Isopropyl alcohol (IPA) is widely used as a cleaning and drying agent in semiconductor manufacturing. The purity of chemicals is becoming increasingly stricter as the leading-edge node sizes become smaller. The microfiltration of nanoparticles (NPs) in water has been extensively studied by many research groups. However, studies on microfiltration in IPA are rare. In this study, we conducted experiments to determine the filtration of nanoparticles using expanded polytetrafluoroethylene (ePTFE) and polycarbonate track-etched (PCTE) membranes in both deionized water (DIW) and IPA. The zeta potentials (ZP) of the polymers and particles were measured. The Hamaker constant and its effect on particle capture were estimated using Derjaguin–Landau–Verwey–Overbeek theory. The results show that the retention efficiency of the two membranes (five different pore sizes) for Ag NPs (size: 20–100 nm) in IPA was much higher than that in DIW. However, the retention efficiencies of the two membranes in IPA and DIW increase monotonically upon increasing the particle size, which was completely different from the U-shaped curve for aerosol filtration predicted using the previous liquid model. In addition, the absolute ZP value of the NPs and membrane surface in IPA was found to be much smaller than that of DIW.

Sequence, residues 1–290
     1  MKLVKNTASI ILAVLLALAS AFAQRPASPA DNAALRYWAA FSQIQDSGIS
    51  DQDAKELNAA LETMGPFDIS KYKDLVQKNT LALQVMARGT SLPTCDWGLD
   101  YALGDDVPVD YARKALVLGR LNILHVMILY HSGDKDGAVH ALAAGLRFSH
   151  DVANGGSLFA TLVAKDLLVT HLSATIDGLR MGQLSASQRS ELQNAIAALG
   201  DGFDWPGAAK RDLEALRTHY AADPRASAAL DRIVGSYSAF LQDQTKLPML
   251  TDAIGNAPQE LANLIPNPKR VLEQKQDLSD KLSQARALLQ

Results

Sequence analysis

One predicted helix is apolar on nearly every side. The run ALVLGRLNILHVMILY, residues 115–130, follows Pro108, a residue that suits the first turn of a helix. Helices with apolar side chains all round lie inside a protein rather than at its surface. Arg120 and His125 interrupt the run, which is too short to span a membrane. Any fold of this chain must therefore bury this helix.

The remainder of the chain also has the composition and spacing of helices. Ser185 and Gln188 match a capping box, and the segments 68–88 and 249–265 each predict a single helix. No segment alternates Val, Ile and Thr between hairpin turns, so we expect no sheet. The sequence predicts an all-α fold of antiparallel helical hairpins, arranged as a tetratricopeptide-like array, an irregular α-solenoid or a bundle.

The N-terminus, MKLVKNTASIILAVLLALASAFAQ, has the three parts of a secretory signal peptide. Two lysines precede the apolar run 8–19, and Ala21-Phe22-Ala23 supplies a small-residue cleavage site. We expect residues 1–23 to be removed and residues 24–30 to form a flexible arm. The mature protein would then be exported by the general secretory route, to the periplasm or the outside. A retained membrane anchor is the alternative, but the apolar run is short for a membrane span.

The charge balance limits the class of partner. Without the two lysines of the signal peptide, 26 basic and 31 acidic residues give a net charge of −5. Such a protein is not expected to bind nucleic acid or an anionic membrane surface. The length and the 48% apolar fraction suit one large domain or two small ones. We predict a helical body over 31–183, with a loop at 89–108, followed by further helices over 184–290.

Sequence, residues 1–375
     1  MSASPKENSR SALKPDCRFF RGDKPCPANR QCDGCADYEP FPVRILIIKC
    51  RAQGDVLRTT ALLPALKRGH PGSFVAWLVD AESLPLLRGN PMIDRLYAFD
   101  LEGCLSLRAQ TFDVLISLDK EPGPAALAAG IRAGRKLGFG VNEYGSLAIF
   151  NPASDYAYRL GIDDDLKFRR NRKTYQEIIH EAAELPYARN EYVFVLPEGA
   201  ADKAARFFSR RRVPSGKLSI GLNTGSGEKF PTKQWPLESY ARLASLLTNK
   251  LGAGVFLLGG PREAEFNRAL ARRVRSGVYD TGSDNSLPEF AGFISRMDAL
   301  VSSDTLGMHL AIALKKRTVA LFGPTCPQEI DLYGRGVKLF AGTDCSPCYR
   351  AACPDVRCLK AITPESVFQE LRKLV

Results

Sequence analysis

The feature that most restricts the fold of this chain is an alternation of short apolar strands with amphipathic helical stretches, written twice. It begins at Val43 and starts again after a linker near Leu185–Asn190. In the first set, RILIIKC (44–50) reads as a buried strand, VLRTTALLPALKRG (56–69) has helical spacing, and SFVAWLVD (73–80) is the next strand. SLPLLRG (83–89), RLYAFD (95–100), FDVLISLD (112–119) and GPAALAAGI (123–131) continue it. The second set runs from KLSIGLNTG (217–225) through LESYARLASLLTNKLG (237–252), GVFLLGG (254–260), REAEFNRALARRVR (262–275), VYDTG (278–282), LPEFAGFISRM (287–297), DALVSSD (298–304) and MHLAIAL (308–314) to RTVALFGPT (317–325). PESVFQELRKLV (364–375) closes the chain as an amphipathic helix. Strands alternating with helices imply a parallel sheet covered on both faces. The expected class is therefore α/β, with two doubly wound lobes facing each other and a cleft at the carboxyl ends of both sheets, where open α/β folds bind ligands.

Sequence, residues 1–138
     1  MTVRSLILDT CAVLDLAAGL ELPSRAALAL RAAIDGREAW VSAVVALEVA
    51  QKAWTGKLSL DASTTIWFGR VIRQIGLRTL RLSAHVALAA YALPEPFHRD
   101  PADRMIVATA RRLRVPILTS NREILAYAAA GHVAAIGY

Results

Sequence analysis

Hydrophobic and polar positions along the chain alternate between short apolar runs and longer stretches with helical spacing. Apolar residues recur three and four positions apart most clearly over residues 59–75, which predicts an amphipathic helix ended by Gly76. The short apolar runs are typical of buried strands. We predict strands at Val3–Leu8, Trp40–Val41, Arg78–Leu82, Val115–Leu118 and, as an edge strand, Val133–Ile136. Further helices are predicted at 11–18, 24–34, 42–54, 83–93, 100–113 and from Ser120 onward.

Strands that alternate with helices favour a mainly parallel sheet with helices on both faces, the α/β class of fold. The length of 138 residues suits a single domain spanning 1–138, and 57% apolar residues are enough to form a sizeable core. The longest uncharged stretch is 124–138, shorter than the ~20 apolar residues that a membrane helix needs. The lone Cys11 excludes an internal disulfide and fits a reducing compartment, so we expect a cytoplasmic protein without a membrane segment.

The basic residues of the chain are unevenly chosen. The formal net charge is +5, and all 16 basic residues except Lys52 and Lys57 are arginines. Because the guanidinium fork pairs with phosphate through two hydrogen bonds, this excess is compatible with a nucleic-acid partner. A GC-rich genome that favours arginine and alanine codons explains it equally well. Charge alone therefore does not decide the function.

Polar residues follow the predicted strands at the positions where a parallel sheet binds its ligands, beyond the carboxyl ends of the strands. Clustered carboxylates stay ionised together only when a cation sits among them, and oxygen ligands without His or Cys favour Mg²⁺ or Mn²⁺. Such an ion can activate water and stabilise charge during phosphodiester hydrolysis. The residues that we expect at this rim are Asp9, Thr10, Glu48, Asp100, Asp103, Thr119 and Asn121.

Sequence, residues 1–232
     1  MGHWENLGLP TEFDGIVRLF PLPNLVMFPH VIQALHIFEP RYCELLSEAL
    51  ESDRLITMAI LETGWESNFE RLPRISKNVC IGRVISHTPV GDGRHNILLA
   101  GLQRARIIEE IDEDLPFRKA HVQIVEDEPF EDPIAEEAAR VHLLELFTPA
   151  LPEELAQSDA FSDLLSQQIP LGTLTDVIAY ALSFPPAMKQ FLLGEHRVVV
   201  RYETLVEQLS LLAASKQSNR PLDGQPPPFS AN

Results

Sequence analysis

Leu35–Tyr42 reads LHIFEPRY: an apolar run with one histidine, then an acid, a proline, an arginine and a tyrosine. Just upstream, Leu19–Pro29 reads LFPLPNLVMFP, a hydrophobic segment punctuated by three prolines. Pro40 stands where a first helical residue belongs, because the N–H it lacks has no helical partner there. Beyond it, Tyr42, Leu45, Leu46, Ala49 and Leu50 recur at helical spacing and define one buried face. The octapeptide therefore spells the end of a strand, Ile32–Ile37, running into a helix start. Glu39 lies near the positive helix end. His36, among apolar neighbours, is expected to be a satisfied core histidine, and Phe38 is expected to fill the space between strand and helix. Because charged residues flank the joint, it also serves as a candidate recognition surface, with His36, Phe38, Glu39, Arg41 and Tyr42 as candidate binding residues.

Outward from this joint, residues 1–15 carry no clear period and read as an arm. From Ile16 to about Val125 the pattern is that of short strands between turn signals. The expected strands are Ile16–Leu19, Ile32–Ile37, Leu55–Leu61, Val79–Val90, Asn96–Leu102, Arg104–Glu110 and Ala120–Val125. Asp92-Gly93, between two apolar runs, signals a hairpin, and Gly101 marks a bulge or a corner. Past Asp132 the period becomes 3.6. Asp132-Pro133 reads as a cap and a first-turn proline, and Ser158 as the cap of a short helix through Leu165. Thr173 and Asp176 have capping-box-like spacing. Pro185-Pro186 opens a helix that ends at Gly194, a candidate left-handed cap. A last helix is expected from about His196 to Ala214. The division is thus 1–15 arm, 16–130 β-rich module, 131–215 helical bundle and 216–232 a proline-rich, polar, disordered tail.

Bibliographical notePublisher Copyright:
- Isopropyl alcohol
- Membrane structure
- Semiconductor purity
- Zeta potential